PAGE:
So, acad­e­mi­a’s char­ac­ter­ized by argu­ment, by cut and thrust, by dis­agree­ment. But there’s a very spe­cial kind of dis­agree­ment that’s a kind of dis­agree­ment that’s hard to make progress from, and That’s denial­ism. This is man­u­fac­tured con­tro­ver­sy from peo­ple who ben­e­fit from mak­ing it seem like there’s con­tro­ver­sy about some­thing for which there is no actu­al con­tro­ver­sy among practitioners.

The canon­i­cal exam­ple of this, of course, is smok­ing. The can­cer denial move­ment, through which high-paid con­sul­tants to the tobac­co indus­try spent decades cast­ing doubt over whether or not there was a causal link between lung can­cer and tobac­co was fan­tas­ti­cal­ly prof­itable and became the tem­plate for all of the denial move­ments that followed. 

The next move­ment that real­ly caught fire was of course the AIDS denial move­ment, which had incred­i­bly grave con­se­quences, con­se­quences that prob­a­bly rival can­cer denial for the kinds of fall­out that we expe­ri­ence from it. One of the loci of this is a guy named Matthias Rath, who was a German doc­tor who ran a very prof­itable vit­a­min busi­ness in the EU. And he claimed that AIDS was­n’t caused by HIV, rather by a vit­a­min defi­cien­cy that could be treat­ed with his prod­ucts. So he ran these full-page ads that said why should South Africans be poi­soned with AZT?” all through South Africa, to encour­age peo­ple not to take anti­retro­vi­rals and instead to take vit­a­mins and nostrums.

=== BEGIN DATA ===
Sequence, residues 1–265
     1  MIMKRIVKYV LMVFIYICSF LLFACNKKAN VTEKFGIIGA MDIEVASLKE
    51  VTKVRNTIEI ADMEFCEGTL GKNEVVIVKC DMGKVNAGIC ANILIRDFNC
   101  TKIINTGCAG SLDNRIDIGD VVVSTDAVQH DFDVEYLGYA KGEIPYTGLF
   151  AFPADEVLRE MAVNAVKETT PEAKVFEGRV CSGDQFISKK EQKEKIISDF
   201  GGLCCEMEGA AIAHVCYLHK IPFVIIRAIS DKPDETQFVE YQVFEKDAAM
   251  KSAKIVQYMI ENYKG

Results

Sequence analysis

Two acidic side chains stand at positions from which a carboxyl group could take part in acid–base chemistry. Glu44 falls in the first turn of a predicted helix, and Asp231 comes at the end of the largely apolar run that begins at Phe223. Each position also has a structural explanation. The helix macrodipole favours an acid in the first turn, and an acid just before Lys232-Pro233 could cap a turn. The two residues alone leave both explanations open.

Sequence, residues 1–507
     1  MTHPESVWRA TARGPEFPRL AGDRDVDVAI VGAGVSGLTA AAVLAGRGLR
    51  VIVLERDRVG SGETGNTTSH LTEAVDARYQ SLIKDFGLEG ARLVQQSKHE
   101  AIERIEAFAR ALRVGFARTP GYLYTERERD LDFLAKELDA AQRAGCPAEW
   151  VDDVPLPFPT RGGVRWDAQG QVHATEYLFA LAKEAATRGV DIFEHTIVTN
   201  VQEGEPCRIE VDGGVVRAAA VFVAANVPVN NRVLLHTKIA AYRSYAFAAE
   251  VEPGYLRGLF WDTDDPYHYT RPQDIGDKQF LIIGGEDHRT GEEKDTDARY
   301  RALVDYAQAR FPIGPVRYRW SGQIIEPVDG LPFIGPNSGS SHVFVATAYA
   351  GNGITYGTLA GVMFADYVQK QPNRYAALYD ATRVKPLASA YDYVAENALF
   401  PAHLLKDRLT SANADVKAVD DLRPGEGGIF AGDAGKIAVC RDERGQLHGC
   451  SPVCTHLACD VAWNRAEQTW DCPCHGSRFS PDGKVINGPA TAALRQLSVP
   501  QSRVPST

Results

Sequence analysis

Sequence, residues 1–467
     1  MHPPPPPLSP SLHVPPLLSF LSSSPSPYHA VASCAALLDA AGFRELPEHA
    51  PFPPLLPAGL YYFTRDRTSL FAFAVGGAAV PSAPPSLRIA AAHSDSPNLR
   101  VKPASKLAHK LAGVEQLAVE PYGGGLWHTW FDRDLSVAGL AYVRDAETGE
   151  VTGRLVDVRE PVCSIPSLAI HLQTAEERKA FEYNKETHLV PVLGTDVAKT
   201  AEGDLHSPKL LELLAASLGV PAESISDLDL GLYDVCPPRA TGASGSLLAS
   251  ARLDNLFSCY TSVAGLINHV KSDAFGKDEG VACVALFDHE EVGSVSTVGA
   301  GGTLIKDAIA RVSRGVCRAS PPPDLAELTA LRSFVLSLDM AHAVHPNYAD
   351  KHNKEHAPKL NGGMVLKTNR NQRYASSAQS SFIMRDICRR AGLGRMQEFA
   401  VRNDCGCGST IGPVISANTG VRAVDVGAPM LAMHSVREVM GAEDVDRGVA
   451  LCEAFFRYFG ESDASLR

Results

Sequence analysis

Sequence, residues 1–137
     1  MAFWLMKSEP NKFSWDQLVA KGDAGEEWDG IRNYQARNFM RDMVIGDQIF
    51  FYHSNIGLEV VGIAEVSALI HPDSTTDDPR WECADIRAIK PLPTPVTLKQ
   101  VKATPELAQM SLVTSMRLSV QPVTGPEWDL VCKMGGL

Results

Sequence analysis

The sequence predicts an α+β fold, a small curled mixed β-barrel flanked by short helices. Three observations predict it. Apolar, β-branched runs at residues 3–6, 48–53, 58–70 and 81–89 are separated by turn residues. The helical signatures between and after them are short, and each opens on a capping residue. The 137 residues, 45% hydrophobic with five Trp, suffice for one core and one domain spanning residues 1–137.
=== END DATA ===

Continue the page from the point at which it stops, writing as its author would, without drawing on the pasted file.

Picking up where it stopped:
And as if this was­n’t bad enough, he had the ear of the out of the pres­i­dent, Thabo Mbeki. And through him and through the health min­is­ter, they effec­tive­ly used vit­a­mins instead of anti­retro­vi­rals for sev­er­al years to treat HIV, which lead to as many as three hun­dred thou­sand peo­ple dying. And dur­ing this peri­od, the pro­por­tion of South Africans who are HIV-positive rose from about 1% to about 25%.

And of course one of the ele­ments of denial is that when peo­ple call you out on denial, you have to be able to silence them. This is where the for­bid­den research came in. When Ben Goldacre, an epi­demi­ol­o­gist and sci­en­tist pub­lished on this in the Guardian news­pa­per, Rath sued the guardian and they spent about three hun­dred thou­sand pounds win­ning the right to pub­lish their sto­ry about the fall­out from AIDS denial.

AIDS denial begat cli­mate denial, which is alive and well today, the non-controversy about anthro­pogenic cli­mate change. And then the kind of denial that’s maybe par­tic­u­lar­ly rel­e­vant to an MIT audi­ence, and the kind of denial I’m going to talk about most­ly today, is Turing-completeness denial. 

So, we only real­ly know how to make one kind of com­put­er. That’s the com­put­er that can run all the pro­grams that we can express sym­bol­i­cal­ly. But for lots of rea­sons, peo­ple would like it to be pos­si­ble to make com­put­ers that can only run pro­grams that don’t make you sad. That would be great. It would be awe­some if we could make print­ers that could­n’t also be vec­tors for mal­ware. But the rea­son we haven’t done that isn’t because the nerds are refus­ing to coop­er­ate with the forces of right and jus­tice. It’s because this is the com­put­er we know how to make.

One of the canon­i­cal exam­ples of Turing-completeness denial is dig­i­tal rights man­age­ment, this idea that if you want to stop peo­ple from run­ning pro­grams that make copies of files that you would­n’t like them to copy on their com­put­er, you can encrypt the file and send it to them, and also send them the key, but ask their com­put­er not to let them know what the key is. The tech­ni­cal term for this in secu­ri­ty cir­cles is wish­ful think­ing.” We don’t keep even real­ly good safes in bank rob­bers’ liv­ing rooms. Not because safes don’t work but because you can’t give your adver­sary the key and then hope that they can’t fig­ure out where you hid it. Especially when your adver­sary might be a grad stu­dent with noth­ing to do this week­end and a bunch of under­grads hang­ing around like a bad smell, in a lab with an electro-tunneling micro­scope that’s going idle.